British Prime Minister Boris Johnson received a letter earlier this week advocating for the ban of fur sales throughout the United Kingdom. Signed by Ricky Gervais, Leona Lewis, and 50 other celebrities and influential figures, the letter builds on 2020 polling that 72% of British citizens would support a full ban on fur sales, and 93% say they oppose the fur trade at its core. This comes after several outbreaks of COVID-19 on mink farms throughout Europe, and an increased public awareness surrounding the suffering and cruelty that mink, foxes, rabbits, and other animals endure on fur farms. 

“Britain prides itself on being a nation of animal lovers, and that’s why we banned fur farming two decades ago – because it is unspeakably cruel and utterly devoid of respect for animals,” the letter begins. “Subjecting foxes, mink, raccoon dogs and other animals to the endless monotony of life in a tiny, barren metal cage, only to be gassed or electrocuted to death for frivolous fashion, is totally unacceptable. Subjecting coyotes and other wild animals to the agony and prolonged distress of being caught in traps, is no better.”

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The Humane Society International UK, Four Paws, Animal Aid, RSPCA, Viva!, Open Cages, PETA UK, and the Brain May Save Me Trust have all endorsed the letter condemning the sale of fur. As the letter points out, the United Kingdom already banned fur farming twenty years ago; but allowing imports from other countries, animal advocates argue, is hypocritical at its core because it continues the support of this controversial industry.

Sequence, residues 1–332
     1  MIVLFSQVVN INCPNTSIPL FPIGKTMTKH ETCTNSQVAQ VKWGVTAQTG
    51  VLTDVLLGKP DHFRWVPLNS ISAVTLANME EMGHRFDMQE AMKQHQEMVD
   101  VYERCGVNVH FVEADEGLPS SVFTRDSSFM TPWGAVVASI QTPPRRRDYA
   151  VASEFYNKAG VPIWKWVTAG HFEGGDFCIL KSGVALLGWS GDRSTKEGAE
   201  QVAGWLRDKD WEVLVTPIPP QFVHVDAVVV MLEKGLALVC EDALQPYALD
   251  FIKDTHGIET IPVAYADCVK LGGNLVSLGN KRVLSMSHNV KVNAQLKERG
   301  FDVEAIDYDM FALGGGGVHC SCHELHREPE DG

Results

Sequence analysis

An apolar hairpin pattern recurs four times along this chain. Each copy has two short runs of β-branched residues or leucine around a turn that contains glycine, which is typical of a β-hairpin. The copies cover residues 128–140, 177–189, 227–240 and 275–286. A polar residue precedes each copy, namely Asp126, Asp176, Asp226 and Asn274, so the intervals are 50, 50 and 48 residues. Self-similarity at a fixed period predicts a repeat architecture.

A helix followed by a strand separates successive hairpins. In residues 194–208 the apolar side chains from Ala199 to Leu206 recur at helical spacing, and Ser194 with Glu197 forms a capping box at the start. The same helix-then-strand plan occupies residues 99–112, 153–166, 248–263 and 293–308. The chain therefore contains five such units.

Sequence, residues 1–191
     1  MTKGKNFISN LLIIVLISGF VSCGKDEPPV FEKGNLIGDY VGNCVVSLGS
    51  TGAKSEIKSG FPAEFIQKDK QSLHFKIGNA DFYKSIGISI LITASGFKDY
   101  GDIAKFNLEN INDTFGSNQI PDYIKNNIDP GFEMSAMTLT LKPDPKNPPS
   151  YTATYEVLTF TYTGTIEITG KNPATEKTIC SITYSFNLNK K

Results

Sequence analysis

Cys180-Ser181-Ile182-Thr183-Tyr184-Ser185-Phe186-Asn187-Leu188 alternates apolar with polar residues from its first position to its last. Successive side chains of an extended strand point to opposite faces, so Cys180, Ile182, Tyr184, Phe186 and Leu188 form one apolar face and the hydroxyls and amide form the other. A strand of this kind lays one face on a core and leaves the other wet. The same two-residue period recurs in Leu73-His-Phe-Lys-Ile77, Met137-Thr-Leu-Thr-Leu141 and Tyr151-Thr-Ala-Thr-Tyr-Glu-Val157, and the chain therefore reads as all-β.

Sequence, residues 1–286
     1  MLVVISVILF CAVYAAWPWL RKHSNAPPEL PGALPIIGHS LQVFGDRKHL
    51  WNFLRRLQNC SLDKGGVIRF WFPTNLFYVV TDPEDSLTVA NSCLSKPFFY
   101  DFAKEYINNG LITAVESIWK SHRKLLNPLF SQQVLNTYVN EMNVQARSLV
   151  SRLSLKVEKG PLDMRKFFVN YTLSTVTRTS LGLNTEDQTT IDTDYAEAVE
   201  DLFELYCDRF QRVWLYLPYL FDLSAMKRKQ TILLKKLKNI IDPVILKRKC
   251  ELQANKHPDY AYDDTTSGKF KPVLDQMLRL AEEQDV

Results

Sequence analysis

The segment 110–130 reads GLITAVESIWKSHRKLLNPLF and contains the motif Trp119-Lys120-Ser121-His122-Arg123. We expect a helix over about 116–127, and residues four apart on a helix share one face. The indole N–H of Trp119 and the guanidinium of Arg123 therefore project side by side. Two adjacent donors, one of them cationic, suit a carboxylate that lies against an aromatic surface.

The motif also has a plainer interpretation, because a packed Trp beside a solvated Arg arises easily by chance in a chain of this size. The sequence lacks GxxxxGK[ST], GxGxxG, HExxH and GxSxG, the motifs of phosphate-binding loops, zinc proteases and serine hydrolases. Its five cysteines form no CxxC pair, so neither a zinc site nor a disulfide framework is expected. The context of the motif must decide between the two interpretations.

Source: The Humane Society of the United States/YouTube

Animals on fur farms are deprived of carrying out basic species-appropriate behaviors which are vital to their physical and emotional wellbeing. Mink, for example, are semi-aquatic animals and need access to water to thrive- in the wild, these intelligent and cunning creatures dive for fish, crabs, and clams up to 100 times per day. Mink have been documented diving for up to 36 minutes continuously, and sanctuaries that house rescued captive mink will provide the animals with pools, ponds, and diving games to keep them busy and enriched. Rather than foraging on land, digging in dirt, and diving in water, captive mink are often driven to the brink of insanity being kept in barren, wire cages. Rabbits are highly sensitive, fearful prey animals who can easily die of stress; on fur farms, handling and transport to slaughter is an especially terrifying experience. Foxes are exceptionally curious animals who also suffer from boredom in small cages. Wire cages, in general, are bad for the feet and joints of most animals, and living on them can cause chronic pain and open wounds. Fur farms have also faced criticism for inhumane slaughter methods.

Public attitudes about fur production and use are evolving, and as more awareness is brought to everyday citizens about the conditions animals used for fur are raised in, opposition to fur products is becoming more common, especially among young people.

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“Banning the sale of fur in the UK doesn’t even require debate, it’s a no brainer,” said Ricky Gervais.

The animal welfare organization Four Paws is hoping for increased public support for their petition, which to date has nearly passed 50,000 signatures.

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